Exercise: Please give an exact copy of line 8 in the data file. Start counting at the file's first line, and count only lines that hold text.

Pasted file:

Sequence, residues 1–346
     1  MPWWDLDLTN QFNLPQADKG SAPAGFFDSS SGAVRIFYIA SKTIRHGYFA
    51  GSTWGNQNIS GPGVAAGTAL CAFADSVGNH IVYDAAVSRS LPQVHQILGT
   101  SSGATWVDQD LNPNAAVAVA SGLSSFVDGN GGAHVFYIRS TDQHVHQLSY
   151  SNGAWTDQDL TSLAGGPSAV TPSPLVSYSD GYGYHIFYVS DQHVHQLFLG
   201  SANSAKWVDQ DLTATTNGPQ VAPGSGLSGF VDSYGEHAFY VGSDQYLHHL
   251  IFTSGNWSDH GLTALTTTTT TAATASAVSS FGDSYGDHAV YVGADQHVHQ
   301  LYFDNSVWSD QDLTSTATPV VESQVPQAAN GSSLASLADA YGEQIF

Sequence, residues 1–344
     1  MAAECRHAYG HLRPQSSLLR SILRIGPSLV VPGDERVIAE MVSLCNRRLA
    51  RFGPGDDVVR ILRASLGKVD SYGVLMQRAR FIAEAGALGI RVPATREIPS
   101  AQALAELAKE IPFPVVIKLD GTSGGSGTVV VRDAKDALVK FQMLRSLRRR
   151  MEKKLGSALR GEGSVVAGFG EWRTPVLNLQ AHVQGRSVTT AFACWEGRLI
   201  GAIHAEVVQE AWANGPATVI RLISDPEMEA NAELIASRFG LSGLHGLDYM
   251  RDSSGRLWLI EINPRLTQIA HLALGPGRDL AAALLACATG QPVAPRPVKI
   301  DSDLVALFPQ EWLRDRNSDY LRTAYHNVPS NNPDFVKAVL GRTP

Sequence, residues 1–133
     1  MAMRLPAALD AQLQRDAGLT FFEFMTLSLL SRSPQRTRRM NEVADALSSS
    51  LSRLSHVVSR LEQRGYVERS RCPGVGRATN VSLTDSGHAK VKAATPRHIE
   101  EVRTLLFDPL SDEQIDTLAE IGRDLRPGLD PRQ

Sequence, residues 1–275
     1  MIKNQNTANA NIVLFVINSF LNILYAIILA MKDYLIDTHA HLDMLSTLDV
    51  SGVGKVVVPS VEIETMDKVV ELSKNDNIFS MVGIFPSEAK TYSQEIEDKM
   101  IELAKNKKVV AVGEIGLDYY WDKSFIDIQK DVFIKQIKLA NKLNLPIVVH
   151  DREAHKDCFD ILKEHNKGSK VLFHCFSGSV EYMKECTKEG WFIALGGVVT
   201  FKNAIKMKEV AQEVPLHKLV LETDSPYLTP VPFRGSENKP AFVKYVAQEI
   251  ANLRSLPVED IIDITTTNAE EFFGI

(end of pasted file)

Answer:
   301  LYFDNSVWSD QDLTSTATPV VESQVPQAAN GSSLASLADA YGEQIF